What will the tests be like? Should I let my child have a head start by preparing them for the selection tests? Will my child be overwhelmed with the programme such that they have little time to prepare for PSLE? These are common recurring questions parents usually ask when they receive the letter from MOE to indicate their approval for their child to sit for the Gifted Education Programme (GEP) screening test. Given that there is much praise to the GEP and students in the GEP are said to be intellectually stimulated, it is not surprising that parents will go the extra mile to ensure their kids have an equal chance to enter the programme as well. However, before enrolling your kid into a preparatory course, it is essential to delve deeper and know a bit more about GEP.
Overview of GEP
The first thing that you would need to know about the Gifted Education Programme (GEP) would be none other than an overview of the programme. This programme is specifically created to cater to the needs of intellectually gifted students. Its curriculum is starkly different from the mainstream curriculum as it is designed to be more enriching so as to meet the needs of GEP students. GEP students will learn to be self-directed in their learning as they learn skills for independent research and will be even tasked to do explorations on their areas of interest.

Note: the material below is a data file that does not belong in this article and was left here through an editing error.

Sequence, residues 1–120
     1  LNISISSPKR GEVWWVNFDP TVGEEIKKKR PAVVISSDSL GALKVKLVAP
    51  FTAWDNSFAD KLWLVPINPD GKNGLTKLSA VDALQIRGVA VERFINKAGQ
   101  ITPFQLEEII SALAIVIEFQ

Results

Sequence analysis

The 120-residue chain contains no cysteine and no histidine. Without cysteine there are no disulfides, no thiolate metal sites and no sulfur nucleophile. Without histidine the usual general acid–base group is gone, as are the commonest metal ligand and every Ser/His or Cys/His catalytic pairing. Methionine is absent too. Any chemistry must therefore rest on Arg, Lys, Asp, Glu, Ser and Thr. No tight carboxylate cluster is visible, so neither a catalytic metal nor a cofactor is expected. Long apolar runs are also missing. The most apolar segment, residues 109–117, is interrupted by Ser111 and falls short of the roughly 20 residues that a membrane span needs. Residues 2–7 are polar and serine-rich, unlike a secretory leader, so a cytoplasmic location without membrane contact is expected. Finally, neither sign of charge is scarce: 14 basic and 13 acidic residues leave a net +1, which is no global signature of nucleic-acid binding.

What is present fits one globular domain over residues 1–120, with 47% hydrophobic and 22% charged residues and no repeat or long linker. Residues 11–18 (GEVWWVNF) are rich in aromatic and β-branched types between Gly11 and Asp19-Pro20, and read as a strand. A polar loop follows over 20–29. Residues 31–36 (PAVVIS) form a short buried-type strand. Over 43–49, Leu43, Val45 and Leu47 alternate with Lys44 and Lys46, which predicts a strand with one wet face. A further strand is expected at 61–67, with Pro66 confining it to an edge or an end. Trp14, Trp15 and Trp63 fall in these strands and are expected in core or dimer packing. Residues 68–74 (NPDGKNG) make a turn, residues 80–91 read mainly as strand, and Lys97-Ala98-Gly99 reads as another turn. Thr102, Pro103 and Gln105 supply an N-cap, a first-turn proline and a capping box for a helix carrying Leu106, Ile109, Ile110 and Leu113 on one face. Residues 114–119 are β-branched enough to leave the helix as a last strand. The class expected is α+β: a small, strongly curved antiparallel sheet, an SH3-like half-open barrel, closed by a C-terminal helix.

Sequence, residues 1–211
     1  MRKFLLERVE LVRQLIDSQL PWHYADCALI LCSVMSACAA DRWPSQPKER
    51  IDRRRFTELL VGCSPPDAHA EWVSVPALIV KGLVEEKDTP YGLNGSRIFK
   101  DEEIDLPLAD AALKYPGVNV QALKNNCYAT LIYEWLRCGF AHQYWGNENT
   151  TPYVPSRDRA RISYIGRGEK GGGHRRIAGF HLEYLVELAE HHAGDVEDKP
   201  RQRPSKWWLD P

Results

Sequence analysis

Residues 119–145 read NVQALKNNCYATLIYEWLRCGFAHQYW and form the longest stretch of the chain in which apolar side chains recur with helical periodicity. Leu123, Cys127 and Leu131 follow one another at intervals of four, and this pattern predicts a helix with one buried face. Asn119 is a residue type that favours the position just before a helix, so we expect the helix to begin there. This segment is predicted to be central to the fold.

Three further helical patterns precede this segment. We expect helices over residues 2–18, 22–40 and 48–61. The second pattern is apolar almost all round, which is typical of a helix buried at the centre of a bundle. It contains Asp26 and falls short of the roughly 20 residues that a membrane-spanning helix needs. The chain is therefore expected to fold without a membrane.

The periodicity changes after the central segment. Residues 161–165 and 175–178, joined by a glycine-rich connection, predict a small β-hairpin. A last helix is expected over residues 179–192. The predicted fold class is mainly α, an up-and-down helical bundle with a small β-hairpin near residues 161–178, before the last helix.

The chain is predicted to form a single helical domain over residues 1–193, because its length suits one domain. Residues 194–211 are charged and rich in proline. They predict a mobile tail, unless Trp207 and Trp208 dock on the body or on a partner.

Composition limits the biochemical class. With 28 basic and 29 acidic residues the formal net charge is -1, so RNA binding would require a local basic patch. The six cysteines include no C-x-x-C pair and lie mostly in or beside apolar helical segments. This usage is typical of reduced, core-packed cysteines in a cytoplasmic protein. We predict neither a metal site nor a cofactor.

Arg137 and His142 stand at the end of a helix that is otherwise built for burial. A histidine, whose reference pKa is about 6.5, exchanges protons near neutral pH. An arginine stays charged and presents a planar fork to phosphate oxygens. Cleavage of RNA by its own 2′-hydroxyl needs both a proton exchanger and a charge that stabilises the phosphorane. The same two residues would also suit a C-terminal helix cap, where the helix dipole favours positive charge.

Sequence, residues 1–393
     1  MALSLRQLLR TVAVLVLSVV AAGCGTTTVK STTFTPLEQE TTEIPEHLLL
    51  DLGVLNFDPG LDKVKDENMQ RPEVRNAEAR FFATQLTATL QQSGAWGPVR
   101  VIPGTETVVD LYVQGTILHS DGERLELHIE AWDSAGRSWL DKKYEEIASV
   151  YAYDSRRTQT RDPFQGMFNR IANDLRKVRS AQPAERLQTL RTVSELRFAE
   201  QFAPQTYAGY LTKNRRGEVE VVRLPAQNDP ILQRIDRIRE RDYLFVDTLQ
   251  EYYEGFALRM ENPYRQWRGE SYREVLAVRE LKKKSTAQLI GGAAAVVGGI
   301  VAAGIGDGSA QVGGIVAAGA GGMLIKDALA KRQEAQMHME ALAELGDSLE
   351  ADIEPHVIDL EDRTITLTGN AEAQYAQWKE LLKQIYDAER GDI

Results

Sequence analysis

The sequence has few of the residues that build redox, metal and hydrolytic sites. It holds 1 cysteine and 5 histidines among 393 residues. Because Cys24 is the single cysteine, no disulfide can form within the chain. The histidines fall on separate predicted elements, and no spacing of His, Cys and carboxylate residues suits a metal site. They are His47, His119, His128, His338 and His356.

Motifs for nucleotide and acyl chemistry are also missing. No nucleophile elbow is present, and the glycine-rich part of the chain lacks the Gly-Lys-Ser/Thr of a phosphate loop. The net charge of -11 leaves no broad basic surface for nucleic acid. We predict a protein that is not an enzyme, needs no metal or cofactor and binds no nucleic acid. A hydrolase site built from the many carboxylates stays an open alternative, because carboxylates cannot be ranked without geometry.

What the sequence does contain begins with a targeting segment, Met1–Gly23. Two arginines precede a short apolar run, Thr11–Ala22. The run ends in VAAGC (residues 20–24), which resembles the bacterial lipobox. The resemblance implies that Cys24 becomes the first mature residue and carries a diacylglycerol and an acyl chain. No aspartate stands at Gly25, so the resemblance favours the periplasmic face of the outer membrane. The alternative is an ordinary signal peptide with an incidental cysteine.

Motivations of establishing the GEP
The motivations and history of establishing the GEP in Singapore have come a long way back. It all started in 1981 in which the minister of state for education in Singapore and his team went overseas to countries such as Germany, Russia and Israel to observe the running of gifted education programmes in these countries. Israel’s education model suited Singapore the best and as such their gifted programme was emulated. 3 years later, the Gifted Education Programme (GEP) was established in Singapore in order to provide quality education for gifted students. The changes were part of the Ministry of Education (MOE) plans to improve the education system so as to hone the skills and potential of the intellectually gifted students in Singapore.
The programme was deemed essential for intellectually gifted students. By establishing the GEP, it provided a much more conducive learning environment for gifted students since these children will flourish under stimulated learning environments. Staying in the mainstream class or school might not be beneficial for them or even disruptive to their learning. Some of the goals of the GEP would include developing students to their fullest intellectual potential and stimulate higher level thinking. It also aims to enhance aspirations for individual excellence and fulfilment. Academic and intellectual goals aside, the GEP is also aiming to cultivate a holistic education for gifted students. They aim to cultivate students with strong social conscience and commitment as well as moral values.
Schools that offer GEP